A software program that ranks supercomputers on their ability to solve complex problems rather than on raw speed alone continues to gain traction in the high-performance computing community.
More than 60 supercomputers were ranked by the emerging tool, termed the High Performance Conjugate Gradients (HPCG) benchmark, in ratings released at the annual supercomputing meeting SC15 in late November. Eighteen months earlier, only 15 supercomputers were on the list.
“HPCG is designed to complement the traditional High Performance Linpack (HPL) benchmark used as the official metric for ranking the top 500 systems,” said Sandia National Laboratories researcher Mike Heroux, who developed the HPCG program in collaboration with Jack Dongarra and Piotr Luszczek from the University of Tennessee.
The current list contains the same entries as many of the top 50 systems from Linpack’s TOP500 but significantly shuffles HPL rankings, indicating that HPCG puts different system characteristics through their paces.
This is because the different measures provided by HPCG and HPL act as bookends on the performance spectrum of a given system, said Heroux. “While HPL tests supercomputer speed in solving relatively straightforward problems, HPCG’s more complex criteria test characteristics such as high-performance interconnects, memory systems and fine-grain cooperative threading that are important to a different and broader set of applications.”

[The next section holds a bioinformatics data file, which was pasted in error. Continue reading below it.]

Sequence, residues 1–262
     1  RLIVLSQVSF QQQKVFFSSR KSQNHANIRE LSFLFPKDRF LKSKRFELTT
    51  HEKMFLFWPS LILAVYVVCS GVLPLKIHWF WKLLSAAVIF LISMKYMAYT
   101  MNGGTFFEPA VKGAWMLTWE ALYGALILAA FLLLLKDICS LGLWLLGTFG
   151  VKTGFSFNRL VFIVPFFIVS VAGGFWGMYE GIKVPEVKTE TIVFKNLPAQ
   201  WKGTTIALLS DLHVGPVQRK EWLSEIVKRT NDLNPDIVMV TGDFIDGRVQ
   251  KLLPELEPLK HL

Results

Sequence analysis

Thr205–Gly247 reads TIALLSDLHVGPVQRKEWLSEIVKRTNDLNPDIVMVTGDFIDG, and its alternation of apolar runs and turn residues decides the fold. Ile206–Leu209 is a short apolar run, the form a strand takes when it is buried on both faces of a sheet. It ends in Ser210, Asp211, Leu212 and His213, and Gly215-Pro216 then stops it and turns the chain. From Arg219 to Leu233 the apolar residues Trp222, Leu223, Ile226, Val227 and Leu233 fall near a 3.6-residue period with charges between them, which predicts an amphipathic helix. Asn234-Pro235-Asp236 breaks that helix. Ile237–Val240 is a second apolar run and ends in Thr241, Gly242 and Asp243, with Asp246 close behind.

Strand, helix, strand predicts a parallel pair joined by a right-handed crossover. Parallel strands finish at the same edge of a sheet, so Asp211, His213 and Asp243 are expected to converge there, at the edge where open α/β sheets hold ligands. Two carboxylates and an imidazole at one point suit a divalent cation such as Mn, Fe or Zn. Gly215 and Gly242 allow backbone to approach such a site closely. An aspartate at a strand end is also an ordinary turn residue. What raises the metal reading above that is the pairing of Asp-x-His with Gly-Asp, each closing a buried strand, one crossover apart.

Heroux said only time will tell whether supercomputer manufacturers and users gravitate toward HPCG as a useful test. “All major vendor computing companies have invested heavily in optimizing our benchmark. All participating system owners have dedicated machine time to make runs. These investments are the strongest confirmation that we have developed something useful.
“Many benchmarks have been proposed as complements or even replacements for Linpack,” he said. “We have had more success than previous Oefforts. But there is still a lot of work to keep the effort going.”
Sandia National Laboratories is a multi-program laboratory operated by Sandia Corporation, a wholly owned subsidiary of Lockheed Martin Corp., for the U.S. Department of Energy’s National Nuclear Security Administration. With main facilities in Albuquerque, N.M., and Livermore, Calif., Sandia has major R&D responsibilities in national security, energy and environmental technologies and economic competitiveness.